Liz Rankin became a loyal employee at Drewlo Holdings in London, retiring only a few years ago. She died suddenly May 7, 2017, at 73. “My mom was a strong, independent woman,” VanderWeide said. “If there is anything that stands out about my mom, in the memory of anyone who ever met her, it would be her desire to help. She knows somewhere that she is still helping.”

Not long after Rankin’s death, My Sisters’ Place received a phone call from someone who said she was Jenny Jones, director Susan Macphail recalled. “I said, is that the Jenny Jones? She called because she had just suffered a heartbreak. Her beloved sister had passed away.” Jones spoke about her love of her sister and her support of women helping women, Macphail said. Jones wasn’t able to attend Wednesday’s announcement.

The shelter decided to put the money toward several women’s empowerment programs, including a theatre group, financial literacy sessions, peer support and self-compassion groups, which don’t have regular funding.

“It’s always bittersweet when we receive a gift that is in memory of someone,” said Beth Mitchell, chief executive of Canadian Mental Health Association Middlesex, which operates My Sisters’ Place. “We know it represents a loss for the family and the community. On the other hand, we hope that this legacy brings some comfort. Certainly, for us it brings us much joy and we know it will be used well.”

Two women who use My Sisters’ Place spoke Wednesday about the impact of the organization on their lives. “Before I found My Sisters’ Place, I was homeless, addicted and suffering from severe mental health issues,” Beth said. “With the help of My Sisters’ Place, I am housed, happily married, no longer addicted and my mental health is in check.”

Just coming each day and seeing women who want to help changes lives, Patricia said. “It gives us a sense of hope, coming in and seeing friends and people just gathered around.”

Remembering My Sister

My sister, Liz, passed away unexpectedly yesterday. We were just two years apart and she was living a full and happy life, still in the town where we both grew up, London, Ontario. She had two daughters, who both lived close by and she shared her home with her dog, Zoey. Two grandchildren were also a part of her life, Taelor, who also lived in London and Bradon in Alberta. Liz and I shared a love of cooking and often exchanged recipe notes over the phone.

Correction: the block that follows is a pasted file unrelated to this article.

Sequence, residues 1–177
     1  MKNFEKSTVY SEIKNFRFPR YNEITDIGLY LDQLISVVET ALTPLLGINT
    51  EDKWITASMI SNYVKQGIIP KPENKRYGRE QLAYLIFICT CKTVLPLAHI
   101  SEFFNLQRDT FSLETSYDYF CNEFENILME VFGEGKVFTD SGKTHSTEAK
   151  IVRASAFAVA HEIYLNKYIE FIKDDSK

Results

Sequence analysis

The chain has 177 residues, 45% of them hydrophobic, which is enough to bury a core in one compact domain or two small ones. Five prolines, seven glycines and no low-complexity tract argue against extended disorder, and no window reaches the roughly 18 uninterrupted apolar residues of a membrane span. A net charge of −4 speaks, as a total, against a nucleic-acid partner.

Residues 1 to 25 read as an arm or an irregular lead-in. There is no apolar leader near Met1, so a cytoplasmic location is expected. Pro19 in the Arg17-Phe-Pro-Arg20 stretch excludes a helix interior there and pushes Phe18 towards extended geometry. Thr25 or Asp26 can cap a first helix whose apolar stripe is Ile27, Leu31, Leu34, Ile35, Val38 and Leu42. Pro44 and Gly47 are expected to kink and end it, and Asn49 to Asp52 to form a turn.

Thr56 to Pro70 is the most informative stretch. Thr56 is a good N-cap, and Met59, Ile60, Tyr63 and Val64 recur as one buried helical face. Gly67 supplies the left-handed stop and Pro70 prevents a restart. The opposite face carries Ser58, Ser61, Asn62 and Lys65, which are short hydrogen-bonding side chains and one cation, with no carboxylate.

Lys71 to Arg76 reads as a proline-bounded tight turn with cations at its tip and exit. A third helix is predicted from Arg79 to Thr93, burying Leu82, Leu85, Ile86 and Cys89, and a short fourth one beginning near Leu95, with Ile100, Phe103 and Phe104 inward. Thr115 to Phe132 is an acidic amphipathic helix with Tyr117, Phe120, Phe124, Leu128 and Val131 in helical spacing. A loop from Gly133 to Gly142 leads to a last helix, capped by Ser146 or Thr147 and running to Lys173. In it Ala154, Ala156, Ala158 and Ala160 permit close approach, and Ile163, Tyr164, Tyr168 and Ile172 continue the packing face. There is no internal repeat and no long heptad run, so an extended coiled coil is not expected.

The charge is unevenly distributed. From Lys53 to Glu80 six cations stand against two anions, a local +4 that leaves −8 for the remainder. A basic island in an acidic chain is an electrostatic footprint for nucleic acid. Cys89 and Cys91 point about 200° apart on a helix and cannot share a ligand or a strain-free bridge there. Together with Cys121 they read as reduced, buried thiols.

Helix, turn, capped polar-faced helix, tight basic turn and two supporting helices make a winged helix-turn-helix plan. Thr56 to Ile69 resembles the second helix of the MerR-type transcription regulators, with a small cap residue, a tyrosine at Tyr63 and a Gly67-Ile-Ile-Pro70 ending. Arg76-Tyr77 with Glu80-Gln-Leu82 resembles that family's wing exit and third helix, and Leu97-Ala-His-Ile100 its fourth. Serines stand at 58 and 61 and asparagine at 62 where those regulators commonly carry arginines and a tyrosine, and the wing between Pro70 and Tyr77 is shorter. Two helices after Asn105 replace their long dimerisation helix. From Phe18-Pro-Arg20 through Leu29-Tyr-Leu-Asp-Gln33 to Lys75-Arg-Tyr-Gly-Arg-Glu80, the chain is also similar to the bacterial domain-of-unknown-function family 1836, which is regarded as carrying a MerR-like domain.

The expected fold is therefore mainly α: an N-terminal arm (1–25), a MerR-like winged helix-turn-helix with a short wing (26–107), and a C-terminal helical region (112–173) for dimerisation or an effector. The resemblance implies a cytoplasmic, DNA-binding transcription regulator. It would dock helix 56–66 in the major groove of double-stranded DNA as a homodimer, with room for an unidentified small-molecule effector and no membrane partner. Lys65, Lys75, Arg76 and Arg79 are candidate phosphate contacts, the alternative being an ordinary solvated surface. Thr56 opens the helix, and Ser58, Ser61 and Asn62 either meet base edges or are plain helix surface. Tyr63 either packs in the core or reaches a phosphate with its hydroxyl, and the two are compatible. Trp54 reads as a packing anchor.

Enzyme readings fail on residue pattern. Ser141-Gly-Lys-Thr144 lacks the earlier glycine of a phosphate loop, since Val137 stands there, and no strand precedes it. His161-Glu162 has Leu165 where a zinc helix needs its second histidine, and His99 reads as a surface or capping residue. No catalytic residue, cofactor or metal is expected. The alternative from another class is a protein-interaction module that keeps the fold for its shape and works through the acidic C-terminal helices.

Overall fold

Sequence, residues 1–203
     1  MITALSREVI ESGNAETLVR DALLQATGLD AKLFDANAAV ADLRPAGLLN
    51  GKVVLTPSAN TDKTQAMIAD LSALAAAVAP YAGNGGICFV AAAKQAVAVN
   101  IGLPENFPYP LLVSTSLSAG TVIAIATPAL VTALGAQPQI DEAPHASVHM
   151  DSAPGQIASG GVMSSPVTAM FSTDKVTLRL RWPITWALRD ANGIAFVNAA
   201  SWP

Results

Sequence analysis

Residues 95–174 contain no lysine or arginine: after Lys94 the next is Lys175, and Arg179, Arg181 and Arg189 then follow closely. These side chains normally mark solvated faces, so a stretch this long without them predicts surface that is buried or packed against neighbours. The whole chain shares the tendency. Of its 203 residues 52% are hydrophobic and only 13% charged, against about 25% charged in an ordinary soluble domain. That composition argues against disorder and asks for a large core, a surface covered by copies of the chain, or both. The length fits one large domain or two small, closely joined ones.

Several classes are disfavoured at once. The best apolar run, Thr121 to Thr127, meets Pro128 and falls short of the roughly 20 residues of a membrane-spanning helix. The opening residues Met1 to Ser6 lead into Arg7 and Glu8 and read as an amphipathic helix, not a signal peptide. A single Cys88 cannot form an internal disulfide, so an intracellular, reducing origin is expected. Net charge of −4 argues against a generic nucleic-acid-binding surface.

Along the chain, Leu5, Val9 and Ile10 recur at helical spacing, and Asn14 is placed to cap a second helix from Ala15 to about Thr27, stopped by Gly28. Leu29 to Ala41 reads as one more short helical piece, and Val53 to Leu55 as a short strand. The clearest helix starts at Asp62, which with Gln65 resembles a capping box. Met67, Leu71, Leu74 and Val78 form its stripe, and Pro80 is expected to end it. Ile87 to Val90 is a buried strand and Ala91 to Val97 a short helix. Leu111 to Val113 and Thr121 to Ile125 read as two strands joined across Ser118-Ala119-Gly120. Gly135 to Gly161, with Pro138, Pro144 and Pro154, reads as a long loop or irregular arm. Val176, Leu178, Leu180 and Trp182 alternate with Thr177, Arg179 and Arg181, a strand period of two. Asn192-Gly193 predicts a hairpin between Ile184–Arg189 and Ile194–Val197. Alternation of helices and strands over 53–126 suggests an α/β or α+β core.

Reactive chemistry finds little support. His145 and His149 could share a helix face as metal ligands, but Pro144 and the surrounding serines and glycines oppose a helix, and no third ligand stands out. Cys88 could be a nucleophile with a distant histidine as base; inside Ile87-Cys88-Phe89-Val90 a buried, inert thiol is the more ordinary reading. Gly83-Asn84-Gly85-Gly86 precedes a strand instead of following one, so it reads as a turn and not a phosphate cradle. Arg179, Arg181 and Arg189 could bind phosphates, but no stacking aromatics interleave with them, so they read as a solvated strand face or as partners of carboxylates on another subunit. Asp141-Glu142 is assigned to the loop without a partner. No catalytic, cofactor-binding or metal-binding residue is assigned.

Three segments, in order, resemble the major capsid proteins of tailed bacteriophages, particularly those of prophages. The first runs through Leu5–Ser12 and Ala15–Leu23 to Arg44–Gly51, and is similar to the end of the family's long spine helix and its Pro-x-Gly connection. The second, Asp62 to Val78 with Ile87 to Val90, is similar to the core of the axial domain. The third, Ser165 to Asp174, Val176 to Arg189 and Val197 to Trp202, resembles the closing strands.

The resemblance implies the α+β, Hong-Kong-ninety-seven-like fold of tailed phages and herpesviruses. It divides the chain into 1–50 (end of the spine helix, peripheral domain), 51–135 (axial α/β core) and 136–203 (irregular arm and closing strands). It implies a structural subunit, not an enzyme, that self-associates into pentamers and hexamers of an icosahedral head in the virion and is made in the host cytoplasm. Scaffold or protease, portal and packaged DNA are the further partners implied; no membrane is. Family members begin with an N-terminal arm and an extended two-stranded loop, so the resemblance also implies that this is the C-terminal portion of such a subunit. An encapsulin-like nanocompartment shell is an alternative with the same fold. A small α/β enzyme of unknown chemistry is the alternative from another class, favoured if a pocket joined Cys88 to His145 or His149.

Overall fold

She came to visit often with her daughters and she loved going to the Grove. I will think of her every time I go there, especially to the candy store where she could always find her favorite Necco Wafers. Her last visit to L.A. was last October, when she and the girls went to experience the Universal Citywalk Halloween Horror Nights. They said it was the best time they ever had. A few months before that I saw her in London at the opening of the new playground I donated to Springbank Park in London. It was the same place where she and I used to play as children. I’m so glad she got to share that experience with me. Here she was at Springbank Park last June. I wish I could see her again. She left so quickly and sooner than any of us imagined.

Rest In Peace, my beloved sister.

1944-2017

Taking a Break

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I’m taking a break from my blog so I can bake more cookies. Seriously, there is not enough time to focus on my Jenny Can Cook website and recipes, handle the daily responsibilities of being alive, and still have time to go to the mall. So I won’t blog for a while but I will start back up when my next philanthropy project gets going. (I need time for that too!)

Some subscribers were lost when I changed servers so if you got notified about this post, you are still subscribed. If not, feel free to subscribe for when I come back to this blog. I’ll be back soon… maybe sooner if George Clooney ever returns my calls! 🙂

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I Can’t Throw Them Away